Established in 1985 to protect the habitat of black howler monkeys (Alouatta pigra) – locally called baboons – the Community Baboon Sanctuary (CBS) is a voluntary, grassroots, private protected area covering 5,179 hectares in Belize. The Community Baboon Sanctuary is a Community Conserved Area that forms an important corridor connecting critical regions in the Maya Forest Corridor and the Northern Belize Biological Corridor. It is listed under Category IV of the IUCN protected area categories to preserve species or habitats.
The Community Baboon Sanctuary was initially managed by the Belize Audubon Society (BAS) until 1996. Following the Society’s closure, community members composed mainly of women leaders created the Community Baboon Sanctuary Women’s Conservation Group (CBSWCG).
Today, the CBSWCG is seeking support to protect the 20 square miles of the Community Baboon Sanctuary lands and maintain a viable population of over 6,000 black howler monkeys. The organization’s work program focuses on restoring and strengthening human resources to achieve this conservation goal, community livelihood ventures, and engaging youths and children in environmental awareness and protection.
At the start of the COVID-19 pandemic, visitation to the CBS came to a complete halt, resulting in serious financial challenges. Funding will provide salaries for a project manager/ field officer and office manager to strengthen the human resource capacity of the CBS and CBSWCG to achieve the goals and objectives of the project effectively.
It will also implement climate-resilient practices among 300 farmers to decrease deforestation of the riverine forest that is the prime habitat for the black howler monkeys. Maya nuts and Madre de cacao seeds will be purchased and distributed to local growers. These crops are resistant to droughts and floods.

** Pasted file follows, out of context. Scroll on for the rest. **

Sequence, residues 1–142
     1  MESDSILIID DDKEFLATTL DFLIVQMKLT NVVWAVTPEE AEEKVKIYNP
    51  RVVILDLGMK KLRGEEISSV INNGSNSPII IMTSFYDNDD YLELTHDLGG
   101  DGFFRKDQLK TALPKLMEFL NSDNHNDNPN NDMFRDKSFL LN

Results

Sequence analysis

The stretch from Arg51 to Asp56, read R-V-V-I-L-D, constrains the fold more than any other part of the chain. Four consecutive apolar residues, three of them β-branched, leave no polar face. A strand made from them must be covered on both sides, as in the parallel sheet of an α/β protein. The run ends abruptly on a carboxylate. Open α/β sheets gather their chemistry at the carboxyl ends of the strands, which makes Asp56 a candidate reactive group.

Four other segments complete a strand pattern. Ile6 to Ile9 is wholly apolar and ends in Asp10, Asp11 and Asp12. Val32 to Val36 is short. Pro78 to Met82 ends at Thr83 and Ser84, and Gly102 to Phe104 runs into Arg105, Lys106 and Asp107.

Furthermore, the project will engage seven communities in conserving the CBS natural resources. A research and monitoring program will be established to train and equip community rangers, students, and youth groups on data collection methods for the black howler monkey population, river species, water quality monitoring, and wildlife monitoring.
An elected seven-member board of directors runs CBSWCG with a president, one women representative from each of the seven villages, and a three-member advisory committee. One feature of CBSWCG is that the organization brings together women from all walks of life, including homemakers and women with different religions, cultures, and educational qualifications. These women work well together to promote peace, stability, health, women’s empowerment, and conservation ethics as part of their daily lives while engaging in sustainable livelihoods within their families and communities.